Edited By Elizabeth J. Meyer and Dennis Carlson
5. The Heterotopic Washroom in School Space: Binary Gender Confirmed, or No Place of One’s Own?
The School Washroom as Gendered Space
The Heterotopic Washroom in School Space
Binary Gender Confirmed, or No Place of One’s Own?
Jennifer C. Ingrey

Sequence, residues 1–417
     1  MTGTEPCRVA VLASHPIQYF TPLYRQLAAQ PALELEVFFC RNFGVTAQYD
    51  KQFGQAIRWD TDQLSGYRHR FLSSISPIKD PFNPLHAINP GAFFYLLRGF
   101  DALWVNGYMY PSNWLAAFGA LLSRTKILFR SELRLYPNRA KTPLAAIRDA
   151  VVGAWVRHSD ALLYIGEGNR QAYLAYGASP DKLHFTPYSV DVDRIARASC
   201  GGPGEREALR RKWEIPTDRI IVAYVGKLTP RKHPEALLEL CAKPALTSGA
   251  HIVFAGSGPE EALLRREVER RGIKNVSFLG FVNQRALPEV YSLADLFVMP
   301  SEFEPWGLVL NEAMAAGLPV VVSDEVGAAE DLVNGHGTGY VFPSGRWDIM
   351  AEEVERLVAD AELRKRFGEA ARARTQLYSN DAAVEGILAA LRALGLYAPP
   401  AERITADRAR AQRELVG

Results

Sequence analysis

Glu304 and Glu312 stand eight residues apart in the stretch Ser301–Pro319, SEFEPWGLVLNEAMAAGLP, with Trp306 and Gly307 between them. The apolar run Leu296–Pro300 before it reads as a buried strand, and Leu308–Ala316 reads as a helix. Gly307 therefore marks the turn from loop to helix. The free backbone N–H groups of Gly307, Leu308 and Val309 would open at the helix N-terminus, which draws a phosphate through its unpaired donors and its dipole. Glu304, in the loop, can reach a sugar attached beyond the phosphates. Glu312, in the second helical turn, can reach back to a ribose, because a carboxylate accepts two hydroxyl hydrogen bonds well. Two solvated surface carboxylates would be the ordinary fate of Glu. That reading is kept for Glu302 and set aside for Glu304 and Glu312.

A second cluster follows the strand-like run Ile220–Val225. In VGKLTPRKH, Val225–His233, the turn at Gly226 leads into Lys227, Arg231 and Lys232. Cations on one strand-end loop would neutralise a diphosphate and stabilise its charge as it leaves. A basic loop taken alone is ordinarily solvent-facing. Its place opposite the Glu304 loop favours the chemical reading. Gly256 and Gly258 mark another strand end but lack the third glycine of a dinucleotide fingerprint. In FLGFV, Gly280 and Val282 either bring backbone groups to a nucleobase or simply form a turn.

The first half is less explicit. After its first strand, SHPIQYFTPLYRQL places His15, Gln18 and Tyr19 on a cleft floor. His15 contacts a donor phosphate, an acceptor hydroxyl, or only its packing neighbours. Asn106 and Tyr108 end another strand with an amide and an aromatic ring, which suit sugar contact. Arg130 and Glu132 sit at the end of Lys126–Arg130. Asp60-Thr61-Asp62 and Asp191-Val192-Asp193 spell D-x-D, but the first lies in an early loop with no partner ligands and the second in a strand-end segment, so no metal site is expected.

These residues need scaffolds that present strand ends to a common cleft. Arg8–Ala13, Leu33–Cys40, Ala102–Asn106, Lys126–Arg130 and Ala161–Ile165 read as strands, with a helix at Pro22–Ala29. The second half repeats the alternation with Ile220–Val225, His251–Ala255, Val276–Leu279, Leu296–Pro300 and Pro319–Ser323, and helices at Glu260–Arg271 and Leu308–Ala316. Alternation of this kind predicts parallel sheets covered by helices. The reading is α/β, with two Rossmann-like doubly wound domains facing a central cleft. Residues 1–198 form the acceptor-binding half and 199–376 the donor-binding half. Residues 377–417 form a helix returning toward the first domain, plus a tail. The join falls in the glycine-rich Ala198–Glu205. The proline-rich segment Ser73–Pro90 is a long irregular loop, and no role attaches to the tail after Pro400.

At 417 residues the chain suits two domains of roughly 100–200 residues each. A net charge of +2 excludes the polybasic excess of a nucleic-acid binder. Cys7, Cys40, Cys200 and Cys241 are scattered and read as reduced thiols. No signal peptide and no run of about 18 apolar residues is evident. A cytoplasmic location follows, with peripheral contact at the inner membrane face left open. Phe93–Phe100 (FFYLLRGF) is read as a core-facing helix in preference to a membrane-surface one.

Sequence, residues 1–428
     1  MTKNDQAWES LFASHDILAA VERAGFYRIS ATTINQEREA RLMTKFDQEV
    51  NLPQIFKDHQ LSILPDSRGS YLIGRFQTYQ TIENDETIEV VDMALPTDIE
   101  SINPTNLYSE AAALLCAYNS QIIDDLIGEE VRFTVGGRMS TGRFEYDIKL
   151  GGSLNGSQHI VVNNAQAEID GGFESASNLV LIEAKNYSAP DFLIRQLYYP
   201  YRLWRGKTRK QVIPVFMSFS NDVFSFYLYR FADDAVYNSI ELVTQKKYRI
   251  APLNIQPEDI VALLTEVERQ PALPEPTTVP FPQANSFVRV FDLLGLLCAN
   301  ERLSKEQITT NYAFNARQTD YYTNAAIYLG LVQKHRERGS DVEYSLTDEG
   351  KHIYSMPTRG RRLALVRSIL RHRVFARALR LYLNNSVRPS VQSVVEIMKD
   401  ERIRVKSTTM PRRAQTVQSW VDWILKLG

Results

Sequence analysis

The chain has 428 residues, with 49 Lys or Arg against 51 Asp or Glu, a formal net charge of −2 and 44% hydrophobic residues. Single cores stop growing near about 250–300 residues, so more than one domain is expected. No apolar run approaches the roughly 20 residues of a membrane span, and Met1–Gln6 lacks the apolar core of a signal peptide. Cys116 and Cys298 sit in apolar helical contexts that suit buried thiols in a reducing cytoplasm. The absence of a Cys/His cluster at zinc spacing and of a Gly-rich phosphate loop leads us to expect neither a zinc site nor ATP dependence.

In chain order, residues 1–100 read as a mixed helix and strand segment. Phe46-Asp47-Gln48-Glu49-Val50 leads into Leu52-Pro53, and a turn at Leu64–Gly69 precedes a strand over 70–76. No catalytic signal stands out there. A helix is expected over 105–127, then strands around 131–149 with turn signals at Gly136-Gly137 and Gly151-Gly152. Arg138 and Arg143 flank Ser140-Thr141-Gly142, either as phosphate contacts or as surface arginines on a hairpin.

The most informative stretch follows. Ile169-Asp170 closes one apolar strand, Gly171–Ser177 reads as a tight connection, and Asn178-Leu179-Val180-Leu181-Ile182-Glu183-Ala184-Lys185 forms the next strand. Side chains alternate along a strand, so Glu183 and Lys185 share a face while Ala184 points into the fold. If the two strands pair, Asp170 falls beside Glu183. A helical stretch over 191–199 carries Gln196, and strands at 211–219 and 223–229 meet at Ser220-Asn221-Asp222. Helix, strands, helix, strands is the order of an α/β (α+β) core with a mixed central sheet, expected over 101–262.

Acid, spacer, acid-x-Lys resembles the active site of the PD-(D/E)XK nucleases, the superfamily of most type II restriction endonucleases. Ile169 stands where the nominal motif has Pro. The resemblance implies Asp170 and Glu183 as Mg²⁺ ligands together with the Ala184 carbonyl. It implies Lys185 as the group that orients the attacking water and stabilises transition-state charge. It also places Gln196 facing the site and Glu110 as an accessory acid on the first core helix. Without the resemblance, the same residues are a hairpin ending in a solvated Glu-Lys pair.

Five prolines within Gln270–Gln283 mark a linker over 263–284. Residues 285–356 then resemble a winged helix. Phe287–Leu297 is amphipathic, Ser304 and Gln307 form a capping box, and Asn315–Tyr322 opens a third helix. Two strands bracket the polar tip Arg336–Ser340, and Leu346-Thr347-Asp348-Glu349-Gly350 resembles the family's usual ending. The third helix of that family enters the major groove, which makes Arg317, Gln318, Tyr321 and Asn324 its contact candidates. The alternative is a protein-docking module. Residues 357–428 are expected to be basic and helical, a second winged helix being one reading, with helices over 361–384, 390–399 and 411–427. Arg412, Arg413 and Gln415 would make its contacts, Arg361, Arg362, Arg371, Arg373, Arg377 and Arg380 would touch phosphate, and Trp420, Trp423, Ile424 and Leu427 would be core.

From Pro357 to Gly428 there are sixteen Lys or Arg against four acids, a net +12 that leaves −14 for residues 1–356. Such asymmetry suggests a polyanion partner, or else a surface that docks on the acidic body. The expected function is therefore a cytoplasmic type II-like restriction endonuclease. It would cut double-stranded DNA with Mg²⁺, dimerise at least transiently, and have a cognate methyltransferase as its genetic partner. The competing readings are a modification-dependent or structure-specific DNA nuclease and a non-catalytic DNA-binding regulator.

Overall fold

How does the washroom tell us about gender? This question derived from my research with secondary school students, asking about their understandings of gender identity and gender expression. During a focus-group talk, I noted how the students drew a connection between the iconography of the toilet and gender itself, as if gender could be reduced to or limited by the stick figures denoting sexed bodies on the doors of public washrooms. Upon further reading in transgender studies, I learned of the trouble this space can evoke for certain bodies, namely those that do not conform to gender standards. I began to think about this space, fraught with ambiguity, and wanted to investigate it more thoroughly, especially in terms of its ability to impact our understandings of gender. Probably because of its ambiguity, and its complexity, I turned to a framework from Foucault (Foucault & Miskowiec, 1986) on space, the heterotopia, to allow me to scaffold my thinking about this troubled space of the washroom in schools. In his research, Foucault did not want to study liminal spaces only to become a specialist in the marginal or the historical, but to show how disciplinary power in these spaces is translated and transposed upon other contemporary contexts.